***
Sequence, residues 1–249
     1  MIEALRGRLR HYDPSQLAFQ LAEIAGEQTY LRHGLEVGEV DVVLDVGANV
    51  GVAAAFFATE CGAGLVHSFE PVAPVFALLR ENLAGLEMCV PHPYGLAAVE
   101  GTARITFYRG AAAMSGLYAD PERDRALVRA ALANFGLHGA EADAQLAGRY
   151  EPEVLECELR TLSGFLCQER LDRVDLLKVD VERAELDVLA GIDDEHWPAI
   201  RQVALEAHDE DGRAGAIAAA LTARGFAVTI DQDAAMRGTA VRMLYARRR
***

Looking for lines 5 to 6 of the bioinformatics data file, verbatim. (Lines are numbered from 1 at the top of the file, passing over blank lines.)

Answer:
   151  EPEVLECELR TLSGFLCQER LDRVDLLKVD VERAELDVLA GIDDEHWPAI
   201  RQVALEAHDE DGRAGAIAAA LTARGFAVTI DQDAAMRGTA VRMLYARRR